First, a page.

Cardiovascular disease patients have increased risk for comorbidity: A cross-sectional study in the Netherlands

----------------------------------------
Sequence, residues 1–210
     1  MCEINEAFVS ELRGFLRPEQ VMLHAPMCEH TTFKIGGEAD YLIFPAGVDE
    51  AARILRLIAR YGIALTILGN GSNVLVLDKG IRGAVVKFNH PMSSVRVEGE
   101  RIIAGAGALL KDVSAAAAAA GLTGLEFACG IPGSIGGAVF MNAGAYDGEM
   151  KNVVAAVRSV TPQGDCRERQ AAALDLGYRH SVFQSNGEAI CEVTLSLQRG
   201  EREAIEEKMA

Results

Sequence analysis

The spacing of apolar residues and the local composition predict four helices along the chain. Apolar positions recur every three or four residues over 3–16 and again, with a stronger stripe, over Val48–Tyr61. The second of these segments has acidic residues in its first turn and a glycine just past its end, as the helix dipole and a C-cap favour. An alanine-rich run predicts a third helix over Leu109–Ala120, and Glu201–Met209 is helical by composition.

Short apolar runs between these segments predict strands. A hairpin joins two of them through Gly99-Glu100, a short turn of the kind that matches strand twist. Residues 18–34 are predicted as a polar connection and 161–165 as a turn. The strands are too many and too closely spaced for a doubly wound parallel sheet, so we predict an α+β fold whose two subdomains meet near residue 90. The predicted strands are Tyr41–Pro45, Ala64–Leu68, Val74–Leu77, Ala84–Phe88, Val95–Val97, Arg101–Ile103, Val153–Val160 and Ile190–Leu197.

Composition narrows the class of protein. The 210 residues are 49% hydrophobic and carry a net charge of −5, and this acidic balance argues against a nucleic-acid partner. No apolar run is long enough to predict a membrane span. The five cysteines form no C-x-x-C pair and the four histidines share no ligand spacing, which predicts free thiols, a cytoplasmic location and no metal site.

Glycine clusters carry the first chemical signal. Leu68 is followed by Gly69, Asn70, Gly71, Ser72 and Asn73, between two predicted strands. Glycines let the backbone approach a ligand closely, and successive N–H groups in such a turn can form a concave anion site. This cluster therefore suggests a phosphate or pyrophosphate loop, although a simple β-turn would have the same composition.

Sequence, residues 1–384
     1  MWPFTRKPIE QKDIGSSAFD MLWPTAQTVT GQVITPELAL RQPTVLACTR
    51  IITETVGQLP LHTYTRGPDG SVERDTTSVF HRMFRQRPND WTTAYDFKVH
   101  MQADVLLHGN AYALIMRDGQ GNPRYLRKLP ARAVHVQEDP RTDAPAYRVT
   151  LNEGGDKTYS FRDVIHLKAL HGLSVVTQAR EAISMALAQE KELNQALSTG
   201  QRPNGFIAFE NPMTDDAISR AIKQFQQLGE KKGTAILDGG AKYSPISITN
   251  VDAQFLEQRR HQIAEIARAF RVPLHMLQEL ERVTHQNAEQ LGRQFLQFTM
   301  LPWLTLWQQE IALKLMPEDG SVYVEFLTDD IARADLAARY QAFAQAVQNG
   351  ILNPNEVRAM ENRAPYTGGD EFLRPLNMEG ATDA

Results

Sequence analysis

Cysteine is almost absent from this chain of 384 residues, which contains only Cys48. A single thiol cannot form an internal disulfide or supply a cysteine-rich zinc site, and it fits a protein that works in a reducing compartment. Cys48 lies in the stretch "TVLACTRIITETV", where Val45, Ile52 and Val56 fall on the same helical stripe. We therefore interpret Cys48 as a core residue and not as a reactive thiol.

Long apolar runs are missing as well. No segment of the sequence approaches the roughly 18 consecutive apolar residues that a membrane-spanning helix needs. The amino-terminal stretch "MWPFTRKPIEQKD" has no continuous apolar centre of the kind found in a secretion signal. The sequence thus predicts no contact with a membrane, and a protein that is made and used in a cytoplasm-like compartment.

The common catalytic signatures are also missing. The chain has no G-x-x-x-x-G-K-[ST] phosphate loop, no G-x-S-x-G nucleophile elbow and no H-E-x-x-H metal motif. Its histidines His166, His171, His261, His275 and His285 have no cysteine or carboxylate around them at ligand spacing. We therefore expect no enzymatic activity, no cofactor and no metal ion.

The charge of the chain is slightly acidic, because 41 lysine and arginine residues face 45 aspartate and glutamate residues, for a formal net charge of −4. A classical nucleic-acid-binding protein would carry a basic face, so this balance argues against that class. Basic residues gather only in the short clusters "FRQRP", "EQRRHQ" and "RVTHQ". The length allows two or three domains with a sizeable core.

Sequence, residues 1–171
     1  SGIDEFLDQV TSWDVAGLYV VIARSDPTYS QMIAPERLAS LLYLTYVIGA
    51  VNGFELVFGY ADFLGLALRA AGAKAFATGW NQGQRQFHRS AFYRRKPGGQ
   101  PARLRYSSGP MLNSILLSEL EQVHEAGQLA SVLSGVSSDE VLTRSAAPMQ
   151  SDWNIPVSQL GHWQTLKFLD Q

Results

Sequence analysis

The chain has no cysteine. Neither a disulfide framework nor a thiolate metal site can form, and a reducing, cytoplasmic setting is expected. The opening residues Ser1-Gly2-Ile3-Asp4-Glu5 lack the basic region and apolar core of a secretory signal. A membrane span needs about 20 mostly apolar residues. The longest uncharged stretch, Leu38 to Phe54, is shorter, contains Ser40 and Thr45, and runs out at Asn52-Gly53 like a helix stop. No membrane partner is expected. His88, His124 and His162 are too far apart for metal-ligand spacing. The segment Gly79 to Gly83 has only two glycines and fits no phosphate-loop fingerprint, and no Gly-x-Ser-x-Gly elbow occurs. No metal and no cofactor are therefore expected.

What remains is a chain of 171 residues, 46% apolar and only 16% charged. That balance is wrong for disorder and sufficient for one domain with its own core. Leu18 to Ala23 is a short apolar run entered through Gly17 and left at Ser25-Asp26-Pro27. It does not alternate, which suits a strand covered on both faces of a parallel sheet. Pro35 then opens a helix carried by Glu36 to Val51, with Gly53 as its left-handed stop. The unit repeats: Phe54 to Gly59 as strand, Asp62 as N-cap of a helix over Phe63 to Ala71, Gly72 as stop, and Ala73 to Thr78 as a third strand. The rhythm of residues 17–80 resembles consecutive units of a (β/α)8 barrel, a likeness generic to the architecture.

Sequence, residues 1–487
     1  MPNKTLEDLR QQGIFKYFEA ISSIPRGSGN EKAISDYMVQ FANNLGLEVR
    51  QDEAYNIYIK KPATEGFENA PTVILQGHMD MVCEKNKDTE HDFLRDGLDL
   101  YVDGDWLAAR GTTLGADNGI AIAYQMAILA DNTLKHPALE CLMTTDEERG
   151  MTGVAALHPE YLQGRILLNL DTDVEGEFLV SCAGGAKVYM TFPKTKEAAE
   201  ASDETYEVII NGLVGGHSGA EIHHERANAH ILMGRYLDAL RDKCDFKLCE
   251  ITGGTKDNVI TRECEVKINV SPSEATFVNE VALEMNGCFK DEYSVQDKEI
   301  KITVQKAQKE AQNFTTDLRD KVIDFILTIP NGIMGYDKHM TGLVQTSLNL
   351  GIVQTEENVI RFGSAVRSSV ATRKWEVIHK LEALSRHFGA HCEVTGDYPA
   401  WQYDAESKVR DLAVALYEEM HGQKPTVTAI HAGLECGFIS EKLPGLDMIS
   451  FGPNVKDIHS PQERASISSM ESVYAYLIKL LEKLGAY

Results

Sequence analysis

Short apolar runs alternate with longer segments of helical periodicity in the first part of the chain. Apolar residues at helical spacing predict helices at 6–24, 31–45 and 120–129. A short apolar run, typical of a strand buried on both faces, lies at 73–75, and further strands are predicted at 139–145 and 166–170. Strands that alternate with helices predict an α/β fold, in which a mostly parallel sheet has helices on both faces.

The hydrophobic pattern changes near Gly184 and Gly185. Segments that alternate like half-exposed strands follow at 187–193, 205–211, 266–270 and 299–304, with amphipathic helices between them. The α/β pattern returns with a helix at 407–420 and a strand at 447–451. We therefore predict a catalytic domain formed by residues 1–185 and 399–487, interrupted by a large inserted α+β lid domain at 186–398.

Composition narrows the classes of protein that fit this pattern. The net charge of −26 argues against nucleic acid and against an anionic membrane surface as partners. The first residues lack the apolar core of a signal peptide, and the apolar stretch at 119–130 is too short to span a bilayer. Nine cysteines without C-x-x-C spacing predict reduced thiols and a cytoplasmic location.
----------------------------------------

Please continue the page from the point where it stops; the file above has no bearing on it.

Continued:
<p><b>Background:</b> Comorbidity is a cause of increased mortality, decreased quality of life and increased use of healthcare services. It is important particularly for physicians and other healthcare providers in primary care settings to evaluate these patients properly. Cardiovascular diseases (CVD) are the most common cause of death from non-communicable diseases worldwide and are characterized by a high level of comorbidities.</p> <p><b>Objectives</b>: To address the distribution of CVDs and comorbidities across sociodemographic groups and associations between CVDs and comorbidities.</p> <p><b>Methods:</b> A cross-sectional study was conducted using data of 67 786 patients. Data were collected by the Registration Network Family Practices (RegistratieNet Huisartspraktijken, RNH). Comorbidities were analysed using chi-square and logistic regression analyses.</p> <p><b>Results:</b> At the time of study, 26.5% of the patients had at least one CVD and 10.5% of patients had two or more CVD diagnoses. The strongest association within cardiovascular diseases were between health failure and arrhythmias (OR: 9.20; 95%CI: 7.78–10.89). Coronary artery disease and hypertension had strong relationship with diabetes (OR: 2.22; 95%CI: 2.02–2.45, OR: 2.22; 95%CI: 2.02–2.45 respectively) and lipid metabolism disorders (OR: 2.04; 95%CI: 1.87–2.23, OR: 2.04; 95%CI: 1.87–2.23, respectively). The strongest associations for cerebrovascular diseases were with epilepsy (OR: 4.09; 95%CI: 3.29–5.10) and arrhythmias (OR: 2.23; 95%CI: 1.99–2.50).</p> <p><b>Conclusion:</b> One out of every four patients suffered from at least one CVD. Having one CVD increased the risk of another, co-occurring CVD and a higher number of other chronic diseases.</p>